Retail sales rose slightly in April, as strong car sales and spending on building supplies helped make up for weakness in other sectors.
A government reading showed a 0.1% rise in overall retail sales compared to March, when sales suffered a decline.
The increase in spending was a pleasant surprise, as economists surveyed by Briefing.com had forecast a second straight month of falling sales.
A 1% gain in car sales in April was an important driver of the increase. In fact, excluding car sales retail sales were off 0.1% in the month.
Sales at building material and garden equipment and supply stores was another area of strength in the report, climbing 4.7%. There has been a rebound in home sales and home building so far this year, which was likely responsible for the strength in that sector.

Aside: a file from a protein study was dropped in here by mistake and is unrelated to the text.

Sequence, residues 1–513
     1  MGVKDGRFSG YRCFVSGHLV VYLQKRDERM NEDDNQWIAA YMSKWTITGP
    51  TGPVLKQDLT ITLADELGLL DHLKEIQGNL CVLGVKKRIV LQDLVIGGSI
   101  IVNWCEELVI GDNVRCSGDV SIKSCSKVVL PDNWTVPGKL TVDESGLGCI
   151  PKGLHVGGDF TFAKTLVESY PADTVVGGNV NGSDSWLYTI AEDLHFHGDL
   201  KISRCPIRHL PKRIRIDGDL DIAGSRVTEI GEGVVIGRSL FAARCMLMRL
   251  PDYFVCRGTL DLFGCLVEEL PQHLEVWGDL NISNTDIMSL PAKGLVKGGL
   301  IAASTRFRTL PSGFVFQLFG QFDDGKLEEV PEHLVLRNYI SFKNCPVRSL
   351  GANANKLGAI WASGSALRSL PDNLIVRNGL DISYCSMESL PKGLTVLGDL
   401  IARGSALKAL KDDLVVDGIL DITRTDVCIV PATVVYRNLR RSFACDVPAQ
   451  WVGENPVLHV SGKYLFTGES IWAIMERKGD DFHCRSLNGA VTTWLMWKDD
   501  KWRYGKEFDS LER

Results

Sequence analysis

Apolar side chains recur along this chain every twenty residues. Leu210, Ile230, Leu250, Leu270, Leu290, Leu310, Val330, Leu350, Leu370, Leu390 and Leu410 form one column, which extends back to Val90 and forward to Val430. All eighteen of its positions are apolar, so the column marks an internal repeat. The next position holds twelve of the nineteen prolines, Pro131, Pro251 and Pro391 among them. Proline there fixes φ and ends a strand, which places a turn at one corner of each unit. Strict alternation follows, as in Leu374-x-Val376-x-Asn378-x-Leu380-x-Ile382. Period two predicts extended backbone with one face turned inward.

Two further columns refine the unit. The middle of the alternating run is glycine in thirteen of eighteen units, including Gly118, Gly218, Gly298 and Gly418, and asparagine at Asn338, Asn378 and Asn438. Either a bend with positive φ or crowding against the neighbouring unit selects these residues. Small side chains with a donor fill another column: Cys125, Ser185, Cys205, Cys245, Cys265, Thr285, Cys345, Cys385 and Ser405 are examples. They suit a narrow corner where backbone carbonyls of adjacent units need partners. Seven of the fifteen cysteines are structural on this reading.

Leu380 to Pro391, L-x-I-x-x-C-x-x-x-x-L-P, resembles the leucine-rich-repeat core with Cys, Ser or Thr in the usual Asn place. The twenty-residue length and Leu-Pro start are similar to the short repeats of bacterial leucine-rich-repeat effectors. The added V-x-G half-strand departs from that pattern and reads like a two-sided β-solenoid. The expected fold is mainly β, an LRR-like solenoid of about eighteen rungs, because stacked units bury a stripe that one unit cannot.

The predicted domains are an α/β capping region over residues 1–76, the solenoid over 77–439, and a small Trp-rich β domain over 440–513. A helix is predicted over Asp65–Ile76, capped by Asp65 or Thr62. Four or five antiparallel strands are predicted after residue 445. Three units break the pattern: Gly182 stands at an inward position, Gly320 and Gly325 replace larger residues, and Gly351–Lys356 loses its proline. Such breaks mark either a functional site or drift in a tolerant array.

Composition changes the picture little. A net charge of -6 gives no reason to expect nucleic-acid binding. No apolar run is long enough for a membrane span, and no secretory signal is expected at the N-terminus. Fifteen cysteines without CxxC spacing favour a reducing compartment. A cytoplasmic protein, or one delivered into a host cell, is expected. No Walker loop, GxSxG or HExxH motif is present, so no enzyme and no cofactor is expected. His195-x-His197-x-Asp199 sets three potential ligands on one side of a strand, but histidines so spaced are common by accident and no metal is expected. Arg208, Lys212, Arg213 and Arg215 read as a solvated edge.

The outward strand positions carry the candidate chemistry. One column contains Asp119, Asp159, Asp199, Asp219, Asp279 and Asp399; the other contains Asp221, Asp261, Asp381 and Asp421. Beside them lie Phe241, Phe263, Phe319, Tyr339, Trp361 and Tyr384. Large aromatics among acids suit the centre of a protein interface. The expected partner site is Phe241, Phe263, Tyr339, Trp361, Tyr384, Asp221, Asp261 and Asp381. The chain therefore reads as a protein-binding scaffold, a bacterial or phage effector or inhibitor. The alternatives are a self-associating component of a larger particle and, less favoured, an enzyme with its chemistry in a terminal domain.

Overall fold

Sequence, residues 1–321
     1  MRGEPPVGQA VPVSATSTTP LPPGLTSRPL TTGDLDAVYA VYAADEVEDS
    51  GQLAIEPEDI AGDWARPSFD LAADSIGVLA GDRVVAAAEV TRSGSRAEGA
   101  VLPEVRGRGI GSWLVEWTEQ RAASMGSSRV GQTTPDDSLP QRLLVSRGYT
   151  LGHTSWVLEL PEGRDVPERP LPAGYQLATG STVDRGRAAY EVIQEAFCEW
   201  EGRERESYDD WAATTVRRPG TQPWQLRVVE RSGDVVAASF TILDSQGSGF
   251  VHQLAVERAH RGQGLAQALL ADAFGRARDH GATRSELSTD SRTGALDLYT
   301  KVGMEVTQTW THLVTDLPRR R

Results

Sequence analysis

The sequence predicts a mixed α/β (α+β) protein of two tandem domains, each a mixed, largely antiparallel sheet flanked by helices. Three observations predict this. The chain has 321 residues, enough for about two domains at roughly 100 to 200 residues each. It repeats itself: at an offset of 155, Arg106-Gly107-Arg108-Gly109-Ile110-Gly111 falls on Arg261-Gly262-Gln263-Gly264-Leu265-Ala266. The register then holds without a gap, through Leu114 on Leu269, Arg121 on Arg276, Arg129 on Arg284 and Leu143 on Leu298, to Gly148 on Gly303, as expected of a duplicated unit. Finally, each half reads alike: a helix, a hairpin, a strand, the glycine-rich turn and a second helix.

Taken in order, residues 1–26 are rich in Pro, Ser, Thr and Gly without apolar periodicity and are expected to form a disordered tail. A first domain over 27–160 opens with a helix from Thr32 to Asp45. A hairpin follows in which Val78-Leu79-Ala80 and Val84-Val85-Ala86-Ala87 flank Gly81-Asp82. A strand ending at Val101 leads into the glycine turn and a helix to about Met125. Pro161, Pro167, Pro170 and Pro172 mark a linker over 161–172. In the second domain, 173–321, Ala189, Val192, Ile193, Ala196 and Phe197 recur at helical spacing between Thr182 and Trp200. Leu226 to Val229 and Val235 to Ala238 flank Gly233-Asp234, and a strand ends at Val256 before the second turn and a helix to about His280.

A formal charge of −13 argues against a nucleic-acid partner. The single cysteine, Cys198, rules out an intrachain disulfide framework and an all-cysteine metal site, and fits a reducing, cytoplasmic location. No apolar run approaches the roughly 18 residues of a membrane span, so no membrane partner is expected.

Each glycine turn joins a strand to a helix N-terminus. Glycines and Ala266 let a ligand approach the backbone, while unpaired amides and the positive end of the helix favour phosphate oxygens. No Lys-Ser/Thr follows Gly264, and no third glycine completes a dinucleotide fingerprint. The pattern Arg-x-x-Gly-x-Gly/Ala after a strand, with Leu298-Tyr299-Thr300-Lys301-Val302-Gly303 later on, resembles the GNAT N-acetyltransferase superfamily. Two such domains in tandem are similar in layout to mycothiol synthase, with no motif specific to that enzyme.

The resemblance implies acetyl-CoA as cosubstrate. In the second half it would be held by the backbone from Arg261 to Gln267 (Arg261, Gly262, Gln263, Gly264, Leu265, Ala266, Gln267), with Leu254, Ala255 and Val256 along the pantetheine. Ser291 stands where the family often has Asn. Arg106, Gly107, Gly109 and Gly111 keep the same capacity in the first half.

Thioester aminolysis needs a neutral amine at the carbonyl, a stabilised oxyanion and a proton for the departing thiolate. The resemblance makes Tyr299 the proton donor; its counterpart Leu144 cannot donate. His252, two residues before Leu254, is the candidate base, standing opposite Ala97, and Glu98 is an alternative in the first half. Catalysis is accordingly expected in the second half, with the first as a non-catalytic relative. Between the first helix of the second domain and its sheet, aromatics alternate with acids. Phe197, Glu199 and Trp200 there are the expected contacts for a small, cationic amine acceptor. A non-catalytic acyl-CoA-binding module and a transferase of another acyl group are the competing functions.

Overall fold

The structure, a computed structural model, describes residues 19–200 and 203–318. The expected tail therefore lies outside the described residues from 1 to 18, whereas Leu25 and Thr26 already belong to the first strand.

"The increase certainly isn't anything to shout about, but it was better than the consensus forecast of a decline," said Paul Dales, senior U.S. economist for Capital Economics. "Overall, it doesn't look as though January's payroll tax hike put much of a dent in consumption in either the first or second quarters."
But many other closely watched retail sectors posted weak gains or declines. Department store sales rose only 0.3%, while sales were essentially unchanged at furnishing and home furnishing stores.
Some of the weakness in spending was actually good news because it reflected lower prices. Sales at gasoline stations fell 4.7% on lower gas prices, while sales at grocery stores were off 1.2%, which is typically a sign of lower food prices.
Spending by consumers is a major driver of the nation's economy, accounting for more than two-thirds of overall economic activity. The April jobs report showed retail employment was one of the areas of hiring strength. So the retail sales report can be a sign of overall economic growth.